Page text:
Improved 32-pdr Guns – Models of 1840 and 1845

After the long production run of the 32-pdr Model 1829, the Army turned to simplified and improved designs.  In parallel to 42-pdr seacoast gun developments, two experimental “new model” guns appeared in 1839.  Columbia and West Point foundries cast one Model 1839 each.  As noted on the chart below, the design shortened the reinforce andContinue reading “Improved 32-pdr Guns – Models of 1840 and 1845”

The Fine Craftsmanship of the Revere Copper Napoleon Guns

Federal production 12-pdr Model 1857 “Light” Field Guns are one of, if not THE, largest group of surviving field pieces from the Civil War.  These came from five vendors – Cyrus Alger, Ames Manufacturing, Miles Greenwood (Eagle Iron Works), Henry N. Hooper, and Revere Copper.  For the most part, one Federal Napoleon looks much theContinue reading “The Fine Craftsmanship of the Revere Copper Napoleon Guns”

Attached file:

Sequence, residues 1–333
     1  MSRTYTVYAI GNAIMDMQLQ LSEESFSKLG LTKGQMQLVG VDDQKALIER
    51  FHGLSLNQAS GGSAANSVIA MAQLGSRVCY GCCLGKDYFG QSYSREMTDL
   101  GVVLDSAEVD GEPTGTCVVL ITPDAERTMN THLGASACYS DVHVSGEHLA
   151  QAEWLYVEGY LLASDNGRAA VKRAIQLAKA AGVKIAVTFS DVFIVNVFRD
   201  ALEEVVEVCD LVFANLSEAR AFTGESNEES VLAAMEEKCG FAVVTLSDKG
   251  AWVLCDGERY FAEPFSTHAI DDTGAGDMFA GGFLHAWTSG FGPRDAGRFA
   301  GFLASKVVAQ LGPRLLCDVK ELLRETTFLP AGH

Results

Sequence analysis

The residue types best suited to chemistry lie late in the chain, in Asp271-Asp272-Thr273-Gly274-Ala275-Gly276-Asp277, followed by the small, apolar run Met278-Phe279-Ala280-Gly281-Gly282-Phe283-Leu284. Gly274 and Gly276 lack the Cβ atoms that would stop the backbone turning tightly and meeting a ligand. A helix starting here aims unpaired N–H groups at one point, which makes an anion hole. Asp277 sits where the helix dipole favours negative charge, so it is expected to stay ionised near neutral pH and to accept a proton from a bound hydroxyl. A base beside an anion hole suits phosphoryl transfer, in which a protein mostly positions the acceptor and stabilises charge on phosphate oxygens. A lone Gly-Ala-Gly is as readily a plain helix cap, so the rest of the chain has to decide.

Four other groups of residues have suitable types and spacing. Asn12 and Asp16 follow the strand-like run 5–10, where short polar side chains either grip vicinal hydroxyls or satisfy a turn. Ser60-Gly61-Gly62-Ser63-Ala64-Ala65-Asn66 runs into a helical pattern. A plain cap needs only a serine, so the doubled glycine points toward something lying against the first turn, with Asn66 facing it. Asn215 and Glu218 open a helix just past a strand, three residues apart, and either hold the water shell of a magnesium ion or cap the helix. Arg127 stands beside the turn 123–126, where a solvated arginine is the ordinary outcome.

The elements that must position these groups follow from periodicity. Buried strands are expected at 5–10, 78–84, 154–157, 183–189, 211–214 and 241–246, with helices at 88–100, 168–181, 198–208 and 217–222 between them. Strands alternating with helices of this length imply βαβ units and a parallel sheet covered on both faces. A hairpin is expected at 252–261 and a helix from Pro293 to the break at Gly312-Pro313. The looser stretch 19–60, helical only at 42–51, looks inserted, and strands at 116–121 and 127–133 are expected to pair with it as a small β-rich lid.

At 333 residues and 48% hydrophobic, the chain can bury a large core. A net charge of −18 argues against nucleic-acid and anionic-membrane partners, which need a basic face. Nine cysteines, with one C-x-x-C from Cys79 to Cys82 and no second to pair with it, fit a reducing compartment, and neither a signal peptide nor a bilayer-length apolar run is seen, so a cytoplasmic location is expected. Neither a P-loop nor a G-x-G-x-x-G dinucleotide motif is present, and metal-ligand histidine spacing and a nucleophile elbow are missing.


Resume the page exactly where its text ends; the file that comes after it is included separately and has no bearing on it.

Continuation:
Barbette or Casemate?

On several occasions I’ve mentioned barbette and casemate carriages.  In the 19th century, seacoast fortifications used both mountings for their main armaments.   To maximize the firepower on each facing of the fort, engineers stacked tiers, each supported by strong arch structures.   This cutaway model display at Fort Pulaski provides a good visual reference. On top,Continue reading “Barbette or Casemate?”